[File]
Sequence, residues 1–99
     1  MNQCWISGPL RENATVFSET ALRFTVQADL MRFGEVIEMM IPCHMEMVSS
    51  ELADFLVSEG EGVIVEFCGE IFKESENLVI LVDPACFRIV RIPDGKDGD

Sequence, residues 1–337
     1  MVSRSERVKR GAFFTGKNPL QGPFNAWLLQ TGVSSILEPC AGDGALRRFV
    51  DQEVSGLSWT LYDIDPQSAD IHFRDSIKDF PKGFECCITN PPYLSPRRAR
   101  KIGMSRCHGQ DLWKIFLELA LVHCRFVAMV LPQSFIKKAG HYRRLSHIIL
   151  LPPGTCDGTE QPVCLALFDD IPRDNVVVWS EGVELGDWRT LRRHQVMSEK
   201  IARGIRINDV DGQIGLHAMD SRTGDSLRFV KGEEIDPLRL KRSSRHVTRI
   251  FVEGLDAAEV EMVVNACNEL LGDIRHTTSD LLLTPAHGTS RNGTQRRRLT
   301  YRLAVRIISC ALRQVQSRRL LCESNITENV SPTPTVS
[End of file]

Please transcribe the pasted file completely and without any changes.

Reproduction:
Sequence, residues 1–99
     1  MNQCWISGPL RENATVFSET ALRFTVQADL MRFGEVIEMM IPCHMEMVSS
    51  ELADFLVSEG EGVIVEFCGE IFKESENLVI LVDPACFRIV RIPDGKDGD

Sequence, residues 1–337
     1  MVSRSERVKR GAFFTGKNPL QGPFNAWLLQ TGVSSILEPC AGDGALRRFV
    51  DQEVSGLSWT LYDIDPQSAD IHFRDSIKDF PKGFECCITN PPYLSPRRAR
   101  KIGMSRCHGQ DLWKIFLELA LVHCRFVAMV LPQSFIKKAG HYRRLSHIIL
   151  LPPGTCDGTE QPVCLALFDD IPRDNVVVWS EGVELGDWRT LRRHQVMSEK
   201  IARGIRINDV DGQIGLHAMD SRTGDSLRFV KGEEIDPLRL KRSSRHVTRI
   251  FVEGLDAAEV EMVVNACNEL LGDIRHTTSD LLLTPAHGTS RNGTQRRRLT
   301  YRLAVRIISC ALRQVQSRRL LCESNITENV SPTPTVS